Pennsylvania is starting the process of replacing its voting machines. And at the state Farm Show complex this week, election administrators and the public got a chance to see what the new ones might look like.
The display comes soon after Governor Tom Wolf handed down a mandate that all counties upgrade their election equipment by the end of next year, leaving officials scrambling to figure out how to afford it.
Most of the current election machines are totally electronic. That became a point of concern in the wake of the 2016 elections, when federal officials told the state that the system had been targeted by hackers.
The new options vary, but all would produce a paper trail—making election results easier to verify.
The federal government is chipping in around $13.5 million for upgrades.
But Acting Secretary of the Commonwealth Robert Torres estimated new machines would retail between about $100 million and $150 million.
That leaves counties to foot the rest of the bill, and many say it won’t be easy.
Philadelphia city commissioners have already announced they won’t meet the deadline.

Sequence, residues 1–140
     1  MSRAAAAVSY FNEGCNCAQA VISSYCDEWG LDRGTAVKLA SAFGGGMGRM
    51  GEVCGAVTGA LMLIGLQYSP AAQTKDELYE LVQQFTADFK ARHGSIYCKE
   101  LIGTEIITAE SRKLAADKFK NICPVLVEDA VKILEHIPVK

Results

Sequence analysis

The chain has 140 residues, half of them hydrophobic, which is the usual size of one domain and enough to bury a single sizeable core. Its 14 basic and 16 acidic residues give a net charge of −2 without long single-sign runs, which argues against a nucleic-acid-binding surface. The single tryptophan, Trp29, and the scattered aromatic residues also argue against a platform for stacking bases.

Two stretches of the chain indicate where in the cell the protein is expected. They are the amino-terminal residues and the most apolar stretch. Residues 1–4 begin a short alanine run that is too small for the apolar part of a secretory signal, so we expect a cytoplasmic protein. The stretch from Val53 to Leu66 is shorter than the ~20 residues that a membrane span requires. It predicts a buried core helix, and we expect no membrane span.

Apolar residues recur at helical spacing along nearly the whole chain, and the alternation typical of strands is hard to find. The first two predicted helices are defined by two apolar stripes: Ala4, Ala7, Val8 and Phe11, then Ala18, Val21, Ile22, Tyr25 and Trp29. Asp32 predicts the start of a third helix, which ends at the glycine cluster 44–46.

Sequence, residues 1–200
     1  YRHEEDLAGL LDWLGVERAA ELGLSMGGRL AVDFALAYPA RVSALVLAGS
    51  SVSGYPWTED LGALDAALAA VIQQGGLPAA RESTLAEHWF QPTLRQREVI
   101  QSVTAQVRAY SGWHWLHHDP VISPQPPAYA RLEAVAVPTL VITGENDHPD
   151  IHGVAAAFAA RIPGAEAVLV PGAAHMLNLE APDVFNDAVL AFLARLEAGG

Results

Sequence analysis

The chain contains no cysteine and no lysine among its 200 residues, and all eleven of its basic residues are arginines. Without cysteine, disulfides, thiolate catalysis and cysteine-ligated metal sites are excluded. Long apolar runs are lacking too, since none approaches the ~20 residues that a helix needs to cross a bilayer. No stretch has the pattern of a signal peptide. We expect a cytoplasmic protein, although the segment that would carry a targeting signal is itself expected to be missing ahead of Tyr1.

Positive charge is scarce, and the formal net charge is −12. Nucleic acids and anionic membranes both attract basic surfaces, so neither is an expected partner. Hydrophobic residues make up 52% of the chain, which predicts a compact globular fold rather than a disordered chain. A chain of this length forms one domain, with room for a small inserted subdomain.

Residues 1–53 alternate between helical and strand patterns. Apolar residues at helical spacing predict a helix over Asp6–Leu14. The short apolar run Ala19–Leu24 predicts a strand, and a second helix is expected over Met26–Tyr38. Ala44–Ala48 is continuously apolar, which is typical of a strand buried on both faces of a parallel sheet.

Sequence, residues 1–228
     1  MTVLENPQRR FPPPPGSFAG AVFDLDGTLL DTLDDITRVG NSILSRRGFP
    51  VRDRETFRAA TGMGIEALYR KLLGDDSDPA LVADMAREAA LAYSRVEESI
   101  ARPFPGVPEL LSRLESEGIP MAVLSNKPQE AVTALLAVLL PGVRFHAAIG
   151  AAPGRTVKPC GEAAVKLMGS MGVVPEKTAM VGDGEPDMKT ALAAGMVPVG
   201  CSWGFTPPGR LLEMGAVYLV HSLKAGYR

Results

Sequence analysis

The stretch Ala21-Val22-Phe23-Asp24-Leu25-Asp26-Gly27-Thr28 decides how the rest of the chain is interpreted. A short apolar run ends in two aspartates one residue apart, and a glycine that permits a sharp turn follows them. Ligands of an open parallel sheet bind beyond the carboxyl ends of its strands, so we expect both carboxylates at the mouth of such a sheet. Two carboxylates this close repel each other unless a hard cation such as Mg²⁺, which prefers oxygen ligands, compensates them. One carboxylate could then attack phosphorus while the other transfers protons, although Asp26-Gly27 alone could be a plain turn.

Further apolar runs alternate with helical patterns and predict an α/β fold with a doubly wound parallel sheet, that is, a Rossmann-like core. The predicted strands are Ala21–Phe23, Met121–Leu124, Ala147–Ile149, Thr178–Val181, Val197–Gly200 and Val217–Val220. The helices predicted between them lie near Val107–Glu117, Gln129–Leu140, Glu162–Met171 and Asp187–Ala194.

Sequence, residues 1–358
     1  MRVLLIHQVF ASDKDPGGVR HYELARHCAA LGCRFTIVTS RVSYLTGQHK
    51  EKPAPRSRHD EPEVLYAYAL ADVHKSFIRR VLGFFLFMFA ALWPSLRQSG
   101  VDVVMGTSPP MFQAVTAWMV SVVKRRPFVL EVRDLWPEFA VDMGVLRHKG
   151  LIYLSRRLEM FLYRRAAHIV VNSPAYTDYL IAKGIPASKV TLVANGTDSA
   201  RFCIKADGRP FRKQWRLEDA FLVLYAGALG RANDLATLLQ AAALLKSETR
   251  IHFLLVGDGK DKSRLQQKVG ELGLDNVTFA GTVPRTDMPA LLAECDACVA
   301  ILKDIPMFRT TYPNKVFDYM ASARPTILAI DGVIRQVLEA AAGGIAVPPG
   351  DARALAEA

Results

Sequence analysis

Torres said the administration is trying to find a solution.
“We’ve had discussions with Philadelphia, and it’s something where we plan to work with the counties.” He said. “We’re trying to be as sensitive as we can with the timing.”
He also said the administration is trying to convince the legislature to route more money into the election upgrades to ease the counties’ burden.
Shari Brewer, a Butler County election official, said what would really help is updating the election law to make things more efficient.
“If we could go to voting centers instead of having a precinct in every municipality, we could decrease the amount of equipment we would have to purchase,” she said.
She also advocated expanding mail-in ballots, and generally making the system more automatic.
The potential election machine vendors have to be certified by both the federal and state government.
Only one has the state certification so far.